-Convention Reporter/Host of Rolling 20s podcast
When we received an advance copy of an independent comic book for review, I eagerly stepped up. Though I don’t have much time as a busy conventioneer, family man, and podcaster, I’m finding that as I get older, I want to try out as many things as I can to see if I become a fan. Shadow Hunters #4 is not one of the things I became a fan of.
The cover quickly grabbed my attention with someone that looked like a more curvy version of Marvel’s X-23 surrounded by ninjas with glowing eyes. I wasn’t sure where this was heading. I began reading pages and found out that feeling of not knowing where the story was going would deepen with every page. There was no summary or synopsis on the credits page, so it was up to me to read between as many lines as possible to find out what the actual story was. I gathered bits of it as I went; the main character is a semi-scrupulous half-vampire gang leader. She has a number of full-blooded cousins, one of which licked blood off of every part of her like a third-tier porn star. Her father is a noble and betrayed her trust. There’s some kind of flash drive everyone wants with government records on them. Lastly, for some reason, she knows a sorceress and a shape shifter that seem to play games with each other in the shower, and I’m not talking Parker Brothers.
It didn’t take long before the dialogue told me that this would take some patience on my part. By page 3, the main character (who’s name still hasn’t been mentioned at this point), says to another character, Shut up! I don’t care about you but Jessika made it sound pretty important what was on t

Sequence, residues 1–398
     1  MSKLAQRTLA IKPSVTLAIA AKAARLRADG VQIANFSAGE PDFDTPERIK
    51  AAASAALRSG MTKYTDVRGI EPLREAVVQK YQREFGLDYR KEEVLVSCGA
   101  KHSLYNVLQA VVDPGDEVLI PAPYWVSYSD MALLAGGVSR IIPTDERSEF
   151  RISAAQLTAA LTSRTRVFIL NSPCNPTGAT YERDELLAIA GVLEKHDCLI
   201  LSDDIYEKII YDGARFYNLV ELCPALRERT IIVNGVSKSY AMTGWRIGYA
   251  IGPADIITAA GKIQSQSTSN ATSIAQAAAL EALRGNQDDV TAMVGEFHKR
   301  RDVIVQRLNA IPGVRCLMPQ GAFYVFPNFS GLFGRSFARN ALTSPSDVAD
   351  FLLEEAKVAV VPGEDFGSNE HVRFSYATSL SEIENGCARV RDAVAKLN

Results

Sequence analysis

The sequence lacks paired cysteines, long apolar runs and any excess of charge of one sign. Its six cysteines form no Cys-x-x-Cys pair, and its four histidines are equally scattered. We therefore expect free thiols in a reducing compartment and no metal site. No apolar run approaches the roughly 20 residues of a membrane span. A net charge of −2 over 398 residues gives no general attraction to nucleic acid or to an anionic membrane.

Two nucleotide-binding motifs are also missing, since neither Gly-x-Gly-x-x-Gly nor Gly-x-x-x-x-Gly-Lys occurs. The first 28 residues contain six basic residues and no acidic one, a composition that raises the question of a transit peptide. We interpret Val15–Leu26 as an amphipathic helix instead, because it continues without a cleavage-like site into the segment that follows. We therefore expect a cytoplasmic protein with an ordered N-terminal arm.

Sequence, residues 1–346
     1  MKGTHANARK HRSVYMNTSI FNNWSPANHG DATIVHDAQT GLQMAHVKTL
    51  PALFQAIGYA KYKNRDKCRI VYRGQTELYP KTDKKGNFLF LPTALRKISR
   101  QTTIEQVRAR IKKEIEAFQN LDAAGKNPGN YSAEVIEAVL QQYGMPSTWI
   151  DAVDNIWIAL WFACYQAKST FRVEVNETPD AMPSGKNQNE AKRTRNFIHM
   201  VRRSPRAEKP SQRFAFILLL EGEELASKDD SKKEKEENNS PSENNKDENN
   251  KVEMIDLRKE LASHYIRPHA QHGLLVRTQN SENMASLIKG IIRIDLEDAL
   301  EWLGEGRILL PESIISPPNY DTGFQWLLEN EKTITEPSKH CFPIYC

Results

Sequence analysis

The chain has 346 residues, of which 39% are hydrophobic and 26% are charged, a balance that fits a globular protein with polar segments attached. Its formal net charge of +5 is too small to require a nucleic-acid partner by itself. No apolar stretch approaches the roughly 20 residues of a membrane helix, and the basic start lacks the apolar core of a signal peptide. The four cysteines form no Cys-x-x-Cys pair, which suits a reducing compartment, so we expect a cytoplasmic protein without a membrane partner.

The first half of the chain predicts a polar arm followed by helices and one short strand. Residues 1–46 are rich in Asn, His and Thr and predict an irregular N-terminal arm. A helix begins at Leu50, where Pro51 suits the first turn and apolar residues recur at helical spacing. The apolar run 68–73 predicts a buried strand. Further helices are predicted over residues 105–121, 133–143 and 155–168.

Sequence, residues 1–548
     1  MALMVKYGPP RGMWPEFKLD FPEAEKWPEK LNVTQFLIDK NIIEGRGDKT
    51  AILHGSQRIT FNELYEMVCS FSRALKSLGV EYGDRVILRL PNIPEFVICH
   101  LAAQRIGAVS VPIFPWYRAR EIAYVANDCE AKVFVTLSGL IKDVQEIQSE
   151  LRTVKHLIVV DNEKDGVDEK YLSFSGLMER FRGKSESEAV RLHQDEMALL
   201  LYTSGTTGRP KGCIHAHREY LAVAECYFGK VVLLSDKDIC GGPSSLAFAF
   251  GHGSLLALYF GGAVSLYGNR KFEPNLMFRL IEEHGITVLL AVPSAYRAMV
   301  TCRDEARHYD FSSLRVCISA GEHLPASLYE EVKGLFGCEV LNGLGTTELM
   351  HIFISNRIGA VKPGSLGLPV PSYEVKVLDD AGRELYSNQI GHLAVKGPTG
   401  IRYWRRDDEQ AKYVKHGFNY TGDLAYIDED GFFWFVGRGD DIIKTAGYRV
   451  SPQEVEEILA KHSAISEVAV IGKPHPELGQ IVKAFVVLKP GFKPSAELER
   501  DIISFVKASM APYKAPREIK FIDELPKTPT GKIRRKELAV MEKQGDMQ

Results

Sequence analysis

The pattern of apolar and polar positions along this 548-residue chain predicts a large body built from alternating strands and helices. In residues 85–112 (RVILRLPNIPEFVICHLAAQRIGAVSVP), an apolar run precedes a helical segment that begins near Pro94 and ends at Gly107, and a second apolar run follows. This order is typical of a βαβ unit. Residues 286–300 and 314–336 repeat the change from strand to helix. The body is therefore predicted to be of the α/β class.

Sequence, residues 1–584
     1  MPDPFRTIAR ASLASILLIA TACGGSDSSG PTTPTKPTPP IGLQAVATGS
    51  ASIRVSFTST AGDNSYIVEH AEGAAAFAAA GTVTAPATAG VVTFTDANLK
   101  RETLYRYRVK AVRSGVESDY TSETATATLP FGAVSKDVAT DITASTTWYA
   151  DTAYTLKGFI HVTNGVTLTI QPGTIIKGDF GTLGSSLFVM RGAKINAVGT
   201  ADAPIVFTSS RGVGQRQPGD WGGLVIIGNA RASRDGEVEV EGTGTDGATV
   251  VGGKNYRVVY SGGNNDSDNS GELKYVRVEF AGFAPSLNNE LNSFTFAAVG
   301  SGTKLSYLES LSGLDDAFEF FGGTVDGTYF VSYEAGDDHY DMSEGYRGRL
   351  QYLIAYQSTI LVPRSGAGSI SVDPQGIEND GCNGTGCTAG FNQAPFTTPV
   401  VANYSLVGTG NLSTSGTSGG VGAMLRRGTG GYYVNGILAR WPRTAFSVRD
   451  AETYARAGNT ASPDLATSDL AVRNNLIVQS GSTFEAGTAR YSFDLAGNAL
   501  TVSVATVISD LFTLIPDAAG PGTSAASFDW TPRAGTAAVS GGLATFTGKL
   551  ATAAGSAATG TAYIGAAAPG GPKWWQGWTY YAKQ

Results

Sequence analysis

hat drive. And I’ll be damned if your just gonna bleed all over it! I didn’t change the punctuation at all. It was the kind of sentence that you have to read a few times to make sure what the writer was trying to get across.
The art wasn’t much more helpful. The detail seemed to fade in and out and if you weren’t a central
character, there wasn’t a lot of time spent on drawing those characters, I felt. The vampire ninjas that
showed up (yes vampire ninjas) looked like faceless minions you might find on an episode of G.I. Joe
from 1992. That being said, the pertinent characters seemed to get more attention, but all of the main characters, with the exception of one male soldier, were all slender women with D-or-larger-cup breasts who shopped at Hot Topic at various parts of the last decade. This felt more like someone’s middle school fan fiction brought to live than a story that may lead to an ongoing narrative.
The direction seemed to need help as well. The soldier was bleeding from a large gash in his abdomen standing with some of the women, then on the next page, he was several feet away laying on the ground. By the third act, not only was he not bleeding, but his clothes were repaired and clean. If there’s an explanation for any of it, I missed it.